Emille E. O. Ishida, PhD
I am a Brazilian physicist based in France and working in Astronomy and Cosmology since I can remember.
My research is focused on machine learning applications to astronomy and in the development of sustainable interdisciplinary scientific environments.
I am co-founder of the Cosmostatistics Initiative (COIN),
Main scientific activities
An adaptable LSST community broker based on machine learning
The Cosmostatistics Initiative
SuperNova Anomaly Detection
MY LATEST RESEARCH
The SNAD Viewer: Everything You Want to Know about Your Favorite ZTF Object
Malanchev et al., 2022
We describe the SNAD Viewer, a web portal for astronomers which presents a centralized view of individual objects from the Zwicky Transient Facility's (ZTF) data releases, including data gathered from multiple publicly available astronomical archives and data sources. Initially built to enable efficient expert feedback in the context of adaptive machine learning applications, it has evolved into a full-fledged community asset that centralizes public information and provides a multi-dimensional view of ZTF sources. For users, we provide detailed descriptions of the data sources and choices underlying the information displayed in the portal. For developers, we describe our architectural choices and their consequences such that our experience can help others engaged in similar endeavors or in adapting our publicly released code to their requirements. The infrastructure we describe here is scalable and flexible and can be personalized and used by other surveys and for other science goals. The Viewer has been instrumental in highlighting the crucial roles domain experts retain in the era of big data in astronomy. Given the arrival of the upcoming generation of large-scale surveys, we believe similar systems will be paramount in enabling the materialization of scientific potential enclosed in current terabyte and future petabyte-scale data sets. The Viewer is publicly available online at https://ztf.snad.space.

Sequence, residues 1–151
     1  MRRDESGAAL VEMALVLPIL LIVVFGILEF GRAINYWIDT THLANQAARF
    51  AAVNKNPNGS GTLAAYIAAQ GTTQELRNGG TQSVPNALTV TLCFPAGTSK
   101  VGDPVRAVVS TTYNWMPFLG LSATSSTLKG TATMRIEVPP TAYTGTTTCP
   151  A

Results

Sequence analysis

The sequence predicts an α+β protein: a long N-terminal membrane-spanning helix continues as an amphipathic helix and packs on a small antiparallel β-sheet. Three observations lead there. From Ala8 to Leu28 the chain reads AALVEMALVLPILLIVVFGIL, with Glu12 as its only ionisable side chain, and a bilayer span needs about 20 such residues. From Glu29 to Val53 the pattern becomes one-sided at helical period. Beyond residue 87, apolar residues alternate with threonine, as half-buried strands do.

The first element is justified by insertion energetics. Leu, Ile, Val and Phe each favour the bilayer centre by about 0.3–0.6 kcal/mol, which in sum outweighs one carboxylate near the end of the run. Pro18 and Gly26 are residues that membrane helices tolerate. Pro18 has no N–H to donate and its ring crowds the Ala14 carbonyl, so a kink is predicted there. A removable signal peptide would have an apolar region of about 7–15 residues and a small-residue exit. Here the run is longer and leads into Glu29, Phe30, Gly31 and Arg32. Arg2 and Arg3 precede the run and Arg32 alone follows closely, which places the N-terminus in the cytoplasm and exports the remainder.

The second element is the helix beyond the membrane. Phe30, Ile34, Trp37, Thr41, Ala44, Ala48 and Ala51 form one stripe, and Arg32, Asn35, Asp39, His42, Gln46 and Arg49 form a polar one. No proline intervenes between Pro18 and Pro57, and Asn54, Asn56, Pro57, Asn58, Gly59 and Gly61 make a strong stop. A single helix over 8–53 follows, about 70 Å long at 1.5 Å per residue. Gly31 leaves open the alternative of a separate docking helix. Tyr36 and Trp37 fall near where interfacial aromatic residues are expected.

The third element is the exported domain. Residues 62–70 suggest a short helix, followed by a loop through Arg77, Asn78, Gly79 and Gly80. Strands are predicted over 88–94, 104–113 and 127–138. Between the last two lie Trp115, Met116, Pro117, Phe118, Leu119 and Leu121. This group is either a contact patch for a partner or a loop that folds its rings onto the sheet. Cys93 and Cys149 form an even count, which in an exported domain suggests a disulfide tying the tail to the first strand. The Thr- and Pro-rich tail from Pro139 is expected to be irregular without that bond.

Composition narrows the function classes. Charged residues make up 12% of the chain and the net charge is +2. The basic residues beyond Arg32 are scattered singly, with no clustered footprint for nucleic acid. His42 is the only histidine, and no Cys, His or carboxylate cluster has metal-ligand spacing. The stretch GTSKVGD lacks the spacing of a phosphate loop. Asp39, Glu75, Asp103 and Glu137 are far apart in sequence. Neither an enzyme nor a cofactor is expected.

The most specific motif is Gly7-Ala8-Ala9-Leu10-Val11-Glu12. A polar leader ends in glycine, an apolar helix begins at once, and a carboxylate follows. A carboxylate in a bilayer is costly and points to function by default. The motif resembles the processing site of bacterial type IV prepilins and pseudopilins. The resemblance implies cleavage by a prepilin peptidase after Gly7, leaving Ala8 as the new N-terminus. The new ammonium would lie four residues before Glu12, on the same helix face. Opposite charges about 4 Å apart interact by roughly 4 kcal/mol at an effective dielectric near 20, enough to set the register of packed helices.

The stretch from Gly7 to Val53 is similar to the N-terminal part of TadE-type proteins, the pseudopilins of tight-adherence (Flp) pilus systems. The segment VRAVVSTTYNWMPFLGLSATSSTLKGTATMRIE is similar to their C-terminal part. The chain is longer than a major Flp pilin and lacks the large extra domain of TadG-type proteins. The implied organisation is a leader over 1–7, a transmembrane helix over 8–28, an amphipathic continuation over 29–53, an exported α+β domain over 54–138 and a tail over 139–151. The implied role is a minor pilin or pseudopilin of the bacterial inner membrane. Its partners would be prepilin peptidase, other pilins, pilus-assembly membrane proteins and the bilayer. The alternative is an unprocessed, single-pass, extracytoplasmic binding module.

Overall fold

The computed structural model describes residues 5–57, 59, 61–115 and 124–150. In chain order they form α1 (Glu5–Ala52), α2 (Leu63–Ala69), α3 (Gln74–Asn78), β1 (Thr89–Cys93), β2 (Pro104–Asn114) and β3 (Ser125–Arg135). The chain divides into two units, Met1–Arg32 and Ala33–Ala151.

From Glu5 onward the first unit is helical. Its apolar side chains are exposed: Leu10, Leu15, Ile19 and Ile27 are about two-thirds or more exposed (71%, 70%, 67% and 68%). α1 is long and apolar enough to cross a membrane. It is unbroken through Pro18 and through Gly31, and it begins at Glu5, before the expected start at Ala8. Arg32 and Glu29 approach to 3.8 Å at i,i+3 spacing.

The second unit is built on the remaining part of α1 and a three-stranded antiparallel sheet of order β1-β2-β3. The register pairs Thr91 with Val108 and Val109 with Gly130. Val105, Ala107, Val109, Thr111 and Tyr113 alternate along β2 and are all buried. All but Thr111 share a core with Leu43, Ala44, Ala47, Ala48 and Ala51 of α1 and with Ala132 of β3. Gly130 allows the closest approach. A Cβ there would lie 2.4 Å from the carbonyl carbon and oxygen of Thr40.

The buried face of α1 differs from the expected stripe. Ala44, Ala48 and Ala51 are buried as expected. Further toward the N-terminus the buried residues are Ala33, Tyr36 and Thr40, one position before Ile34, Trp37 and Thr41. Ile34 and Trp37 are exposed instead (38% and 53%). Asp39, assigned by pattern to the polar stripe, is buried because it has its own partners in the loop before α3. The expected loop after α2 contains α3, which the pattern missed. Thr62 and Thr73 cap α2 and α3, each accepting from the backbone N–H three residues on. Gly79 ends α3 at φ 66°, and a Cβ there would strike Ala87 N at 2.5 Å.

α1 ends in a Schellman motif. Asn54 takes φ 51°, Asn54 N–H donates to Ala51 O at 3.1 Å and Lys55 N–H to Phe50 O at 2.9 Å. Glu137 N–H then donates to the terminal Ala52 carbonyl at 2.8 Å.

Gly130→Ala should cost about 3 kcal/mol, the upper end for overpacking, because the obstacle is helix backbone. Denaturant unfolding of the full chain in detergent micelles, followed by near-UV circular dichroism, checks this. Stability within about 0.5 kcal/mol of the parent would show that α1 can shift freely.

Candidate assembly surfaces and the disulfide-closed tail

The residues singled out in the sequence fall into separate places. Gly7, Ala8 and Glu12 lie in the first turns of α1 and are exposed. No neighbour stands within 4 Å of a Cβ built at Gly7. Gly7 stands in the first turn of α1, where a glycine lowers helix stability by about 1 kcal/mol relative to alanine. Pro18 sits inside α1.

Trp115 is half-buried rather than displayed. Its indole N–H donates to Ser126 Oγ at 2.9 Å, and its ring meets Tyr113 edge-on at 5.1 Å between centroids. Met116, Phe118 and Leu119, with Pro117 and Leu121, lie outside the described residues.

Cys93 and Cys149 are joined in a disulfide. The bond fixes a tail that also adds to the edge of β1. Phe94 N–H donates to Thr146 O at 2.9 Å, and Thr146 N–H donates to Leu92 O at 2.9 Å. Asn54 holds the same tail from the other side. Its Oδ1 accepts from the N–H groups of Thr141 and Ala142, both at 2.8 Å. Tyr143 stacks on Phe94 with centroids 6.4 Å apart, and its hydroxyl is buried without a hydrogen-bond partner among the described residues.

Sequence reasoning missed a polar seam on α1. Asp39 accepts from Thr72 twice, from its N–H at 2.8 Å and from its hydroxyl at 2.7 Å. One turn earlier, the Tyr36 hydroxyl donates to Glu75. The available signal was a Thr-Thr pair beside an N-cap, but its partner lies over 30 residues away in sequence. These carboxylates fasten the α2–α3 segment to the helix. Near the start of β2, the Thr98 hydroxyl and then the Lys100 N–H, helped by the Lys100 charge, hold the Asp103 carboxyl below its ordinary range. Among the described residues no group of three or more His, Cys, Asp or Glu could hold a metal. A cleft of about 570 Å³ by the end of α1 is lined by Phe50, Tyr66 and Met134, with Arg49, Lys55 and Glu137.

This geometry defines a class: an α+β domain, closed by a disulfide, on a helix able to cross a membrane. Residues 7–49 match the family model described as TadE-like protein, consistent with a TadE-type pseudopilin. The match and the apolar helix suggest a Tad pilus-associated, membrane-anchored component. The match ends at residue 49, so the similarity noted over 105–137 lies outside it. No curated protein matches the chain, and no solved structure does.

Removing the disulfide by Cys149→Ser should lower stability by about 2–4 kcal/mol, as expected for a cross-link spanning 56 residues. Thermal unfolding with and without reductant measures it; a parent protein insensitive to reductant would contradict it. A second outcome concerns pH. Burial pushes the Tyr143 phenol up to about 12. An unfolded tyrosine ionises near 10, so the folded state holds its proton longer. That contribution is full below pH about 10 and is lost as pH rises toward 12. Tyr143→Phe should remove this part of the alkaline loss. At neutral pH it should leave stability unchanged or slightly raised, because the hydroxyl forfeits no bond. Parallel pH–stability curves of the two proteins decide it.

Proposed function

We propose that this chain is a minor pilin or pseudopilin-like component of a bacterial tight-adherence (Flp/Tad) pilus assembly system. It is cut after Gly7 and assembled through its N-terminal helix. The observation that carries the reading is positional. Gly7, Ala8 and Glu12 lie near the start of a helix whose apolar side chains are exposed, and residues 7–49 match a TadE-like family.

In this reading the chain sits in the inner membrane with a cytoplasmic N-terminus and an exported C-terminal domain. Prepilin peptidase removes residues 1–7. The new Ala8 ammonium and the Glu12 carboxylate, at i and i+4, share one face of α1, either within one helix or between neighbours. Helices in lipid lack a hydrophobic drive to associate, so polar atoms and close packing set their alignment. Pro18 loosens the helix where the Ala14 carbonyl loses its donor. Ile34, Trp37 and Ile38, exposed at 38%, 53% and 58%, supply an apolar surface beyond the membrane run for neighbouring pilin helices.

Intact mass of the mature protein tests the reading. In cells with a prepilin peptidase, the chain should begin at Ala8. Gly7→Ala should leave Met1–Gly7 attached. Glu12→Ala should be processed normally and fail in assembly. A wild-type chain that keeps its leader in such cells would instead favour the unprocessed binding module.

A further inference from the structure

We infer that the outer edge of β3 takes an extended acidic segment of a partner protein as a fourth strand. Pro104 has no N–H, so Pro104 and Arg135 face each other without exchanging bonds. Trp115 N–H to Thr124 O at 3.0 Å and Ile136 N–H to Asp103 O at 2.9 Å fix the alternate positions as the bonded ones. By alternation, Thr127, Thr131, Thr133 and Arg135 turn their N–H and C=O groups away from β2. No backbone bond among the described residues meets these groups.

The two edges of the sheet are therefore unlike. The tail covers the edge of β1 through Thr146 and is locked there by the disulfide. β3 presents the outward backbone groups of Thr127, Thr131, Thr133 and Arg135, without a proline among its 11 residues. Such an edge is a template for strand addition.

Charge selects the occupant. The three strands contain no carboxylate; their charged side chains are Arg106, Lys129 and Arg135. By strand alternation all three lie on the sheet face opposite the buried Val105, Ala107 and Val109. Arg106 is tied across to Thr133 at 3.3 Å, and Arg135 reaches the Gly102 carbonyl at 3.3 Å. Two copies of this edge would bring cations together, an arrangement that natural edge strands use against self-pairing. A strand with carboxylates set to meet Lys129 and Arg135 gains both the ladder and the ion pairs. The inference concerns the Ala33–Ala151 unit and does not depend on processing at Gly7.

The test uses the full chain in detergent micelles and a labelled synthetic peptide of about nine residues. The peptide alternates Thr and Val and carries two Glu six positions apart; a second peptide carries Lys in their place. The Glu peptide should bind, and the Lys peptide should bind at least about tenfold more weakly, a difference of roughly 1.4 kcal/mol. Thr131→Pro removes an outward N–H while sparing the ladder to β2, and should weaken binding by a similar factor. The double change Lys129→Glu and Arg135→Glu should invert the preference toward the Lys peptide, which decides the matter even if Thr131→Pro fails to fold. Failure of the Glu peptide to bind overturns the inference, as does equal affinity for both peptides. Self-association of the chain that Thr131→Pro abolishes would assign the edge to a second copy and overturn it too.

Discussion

Enabling the discovery of fast transients: A kilonova science module for the Fink broker
Biswas, Ishida et al., 2022
We describe the fast transient classification algorithm in the center of the kilonova (KN) science module currently implemented in the Fink broker and report classification results based on simulated catalogs and real data from the ZTF alert stream. We used noiseless, homogeneously sampled simulations to construct a basis of principal components (PCs). All light curves from a more realistic ZTF simulation were written as a linear combination of this basis. The corresponding coefficients were used as features in training a random forest classifier. The same method was applied to long (>30 days) and medium (<30 days) light curves. The latter aimed to simulate the data situation found within the ZTF alert stream. Classification based on long light curves achieved 73.87% precision and 82.19% recall. Medium baseline analysis resulted in 69.30% precision and 69.74% recall, thus confirming the robustness of precision results when limited to 30 days of observations. In both cases, dwarf flares and point Type Ia supernovae were the most frequent contaminants. The final trained model was integrated into the Fink broker and has been distributing fast transients, tagged as KN_candidates, to the astronomical community, especially through the GRANDMA collaboration. We showed that features specifically designed to grasp different light curve behaviors provide enough information to separate fast (KN-like) from slow (non-KN-like) evolving events. This module represents one crucial link in an intricate chain of infrastructure elements for multi-messenger astronomy which is currently being put in place by the Fink broker team in preparation for the arrival of data from the Vera Rubin Observatory Legacy Survey of Space and Time.